As the disaster that is the ObamaCare rollout continues let's take a couple of looks at how the spin is in. First up is Diane Feinstein (D-CA) with CBS's Bob Schieffer on Face the Nation:
(if you don't have time for the 3 minute video, scroll down for the money quote)
SCHIEFFER: The president said in the beginning that one thing was that if you liked the health care program you had, you could keep it. We now know there was debate within the administration before he said that as to whether that was actually a promise that could be kept. Should the president not have made that statement?
FEINSTEIN: Well, as I understand it, you can keep it up to the time — and I hope this is correct, but this is what I’ve been told — up to the time the bill was enacted, and after that, it’s a different story. That part of it, if true, was never made clear.
Correction, DiFi. It was made perfectly clear. The President, out on the campaign trail and even after he won his second term was using good ol'-fashioned 'Merican plain-speak when he told all of us without qualifications or reservations that if we liked our current healthcare plan... we could keep it, no questions asked. This has now turned out to be one big fat lie that the administration knew about but for obvious political reasons had to stick to this lie.
And here's the New York Times doing some furious spinning of their own in an editorial piece on Sunday:
Congressional Republicans have stoked consumer fears and confusion with charges that the health care reform law is causing insurers to cancel existing policies and will force many people to pay substantially higher premiums next year for coverage they don’t want. That, they say, violates President Obama’s pledge that if you like the insurance you have, you can keep it.
Mr. Obama clearly misspoke when he said that. By law, insurers cannot continue to sell policies that don’t provide the minimum benefits and consumer protections required as of next year. So they’ve sent cancellation notices to hundreds of thousands of people who hold these substandard policies. (At issue here are not the 149 million people covered by employer plans, but the 10 million to 12 million people who buy policies directly on the individual market.)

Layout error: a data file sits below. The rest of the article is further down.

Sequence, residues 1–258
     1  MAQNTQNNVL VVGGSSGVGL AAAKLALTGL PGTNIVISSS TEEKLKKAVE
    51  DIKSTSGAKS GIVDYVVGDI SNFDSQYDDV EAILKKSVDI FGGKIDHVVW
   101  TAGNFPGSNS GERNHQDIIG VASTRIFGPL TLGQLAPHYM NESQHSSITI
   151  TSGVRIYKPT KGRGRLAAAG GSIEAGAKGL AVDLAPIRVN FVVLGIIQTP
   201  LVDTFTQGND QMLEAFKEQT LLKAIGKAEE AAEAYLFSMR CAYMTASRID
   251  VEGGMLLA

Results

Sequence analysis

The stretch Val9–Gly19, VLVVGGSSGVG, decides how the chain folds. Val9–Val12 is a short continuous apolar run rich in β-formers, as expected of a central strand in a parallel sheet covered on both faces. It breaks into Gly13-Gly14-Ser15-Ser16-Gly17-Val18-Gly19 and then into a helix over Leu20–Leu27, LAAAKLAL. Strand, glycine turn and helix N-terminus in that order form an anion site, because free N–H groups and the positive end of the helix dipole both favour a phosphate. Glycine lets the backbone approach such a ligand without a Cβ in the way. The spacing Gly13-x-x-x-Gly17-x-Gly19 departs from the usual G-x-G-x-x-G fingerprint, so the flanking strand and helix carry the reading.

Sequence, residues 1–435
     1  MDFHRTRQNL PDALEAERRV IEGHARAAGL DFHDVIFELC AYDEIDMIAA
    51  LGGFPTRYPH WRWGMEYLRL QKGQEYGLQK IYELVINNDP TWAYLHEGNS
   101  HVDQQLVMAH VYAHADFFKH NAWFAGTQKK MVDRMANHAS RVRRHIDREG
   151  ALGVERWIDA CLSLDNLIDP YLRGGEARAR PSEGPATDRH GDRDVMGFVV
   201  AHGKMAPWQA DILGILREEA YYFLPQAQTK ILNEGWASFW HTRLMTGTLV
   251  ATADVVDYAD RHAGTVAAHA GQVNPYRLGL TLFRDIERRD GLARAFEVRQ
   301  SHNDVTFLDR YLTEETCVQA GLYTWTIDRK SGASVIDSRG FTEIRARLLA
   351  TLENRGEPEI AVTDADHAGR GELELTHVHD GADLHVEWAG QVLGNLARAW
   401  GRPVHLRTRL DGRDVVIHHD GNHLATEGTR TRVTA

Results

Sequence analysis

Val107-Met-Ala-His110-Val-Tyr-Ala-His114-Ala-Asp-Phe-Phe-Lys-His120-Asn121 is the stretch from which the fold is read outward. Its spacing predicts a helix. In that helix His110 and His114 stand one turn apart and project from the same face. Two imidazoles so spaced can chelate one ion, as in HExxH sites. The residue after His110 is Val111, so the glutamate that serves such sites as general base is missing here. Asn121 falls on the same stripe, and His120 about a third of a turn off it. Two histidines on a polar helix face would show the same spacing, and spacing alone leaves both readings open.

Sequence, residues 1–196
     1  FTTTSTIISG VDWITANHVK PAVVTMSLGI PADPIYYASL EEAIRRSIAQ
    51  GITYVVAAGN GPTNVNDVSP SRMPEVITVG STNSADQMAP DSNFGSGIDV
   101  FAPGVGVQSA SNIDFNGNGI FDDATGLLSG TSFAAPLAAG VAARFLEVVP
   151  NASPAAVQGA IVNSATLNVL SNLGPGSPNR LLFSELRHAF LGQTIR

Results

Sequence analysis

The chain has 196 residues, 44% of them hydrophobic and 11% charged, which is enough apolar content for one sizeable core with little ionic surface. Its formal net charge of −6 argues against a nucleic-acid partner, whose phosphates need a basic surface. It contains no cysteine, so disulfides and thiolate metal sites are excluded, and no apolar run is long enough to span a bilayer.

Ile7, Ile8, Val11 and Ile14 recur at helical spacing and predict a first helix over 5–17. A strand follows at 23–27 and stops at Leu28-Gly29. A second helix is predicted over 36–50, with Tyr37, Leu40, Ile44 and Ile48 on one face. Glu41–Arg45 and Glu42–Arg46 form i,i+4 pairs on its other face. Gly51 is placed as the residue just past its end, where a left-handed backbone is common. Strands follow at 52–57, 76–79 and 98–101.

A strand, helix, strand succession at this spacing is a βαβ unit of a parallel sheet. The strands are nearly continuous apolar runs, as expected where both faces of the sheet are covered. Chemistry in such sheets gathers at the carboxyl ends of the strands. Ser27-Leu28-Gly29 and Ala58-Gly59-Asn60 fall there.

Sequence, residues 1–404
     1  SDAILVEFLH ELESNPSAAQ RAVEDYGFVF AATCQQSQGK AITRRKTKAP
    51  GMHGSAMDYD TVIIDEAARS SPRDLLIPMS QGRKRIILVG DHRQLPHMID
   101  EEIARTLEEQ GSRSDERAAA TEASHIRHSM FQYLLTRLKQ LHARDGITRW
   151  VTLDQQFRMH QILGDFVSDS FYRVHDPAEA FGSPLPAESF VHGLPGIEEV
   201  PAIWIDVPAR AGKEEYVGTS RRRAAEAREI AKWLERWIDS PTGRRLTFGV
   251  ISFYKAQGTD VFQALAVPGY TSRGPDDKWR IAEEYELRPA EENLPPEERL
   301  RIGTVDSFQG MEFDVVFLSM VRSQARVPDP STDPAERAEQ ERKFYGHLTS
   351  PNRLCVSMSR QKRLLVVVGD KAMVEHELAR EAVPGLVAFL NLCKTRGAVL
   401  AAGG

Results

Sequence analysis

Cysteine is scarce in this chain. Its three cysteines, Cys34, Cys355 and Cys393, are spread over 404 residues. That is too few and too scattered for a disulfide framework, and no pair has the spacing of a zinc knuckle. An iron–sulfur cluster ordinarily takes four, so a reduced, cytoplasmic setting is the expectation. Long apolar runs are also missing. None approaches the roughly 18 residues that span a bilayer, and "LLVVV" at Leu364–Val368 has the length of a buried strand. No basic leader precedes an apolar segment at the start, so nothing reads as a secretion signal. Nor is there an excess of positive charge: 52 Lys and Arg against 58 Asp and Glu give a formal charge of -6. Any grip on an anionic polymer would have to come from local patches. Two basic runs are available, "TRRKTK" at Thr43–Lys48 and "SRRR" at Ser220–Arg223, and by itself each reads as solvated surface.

No, what Mr. Obama clearly did is what the folks in Placentia, California call lying.
And what the Times did in those two paragraphs was pretty clever. It's as if the Republicans backed the President into a corner and that he was forced to lie to combat all those, um, lies coming from the Republicans and, more precisely, the wacko-bird/tea party wing of the party who have happened to be spot-on with their warnings against the hazards of this pitiful law.
In the last half of the second paragraph, we see the dominant narrative with respect to the cancellations: your current policy sucks, so the President is doing you a favor by cancelling it and shoving you into a plan that is better for you. You're welcome.
Funny. We did not hear that line of reasoning prior to October 1st when healthcare.gov went live.
No matter. What has always bothered us most about this law aside from the fact it was unworkable and financially unsustainable was that it represented an unwarranted and unnecessary intrusion into one's personal, financial and medical matters and choices (the fact that the IRS is the enforcement wing of this regime ought to chill one to the core). It is, at its core, an existential threat to our freedom and liberty.
It's soft authoritarianism (it's for your own good, trust us) and speaking of regimes, here's Senator Tom Harkin (D-IA) doubling down on that mentality with respect to the cancellation lie:
“I suppose he could have added a caveat that if you have a plan you like, you can keep it, as long as it fits into this new regime that we are building for America. To say you can keep that, that’s not really right…there’s a lot of gray area there."
New regigme. Charmed, we're sure. Look no further, gang, for the perfect distillation of the statist/collectivist mindset: you're too stupid to figure out your own business, so we'll do it for you.
* We have it on good authority that this is not a PhotoShop job and that someone did indeed "gift" that to Health and Human Services Secretary, Kathleen Sebelius at a townhall event over the weekend. Awesome.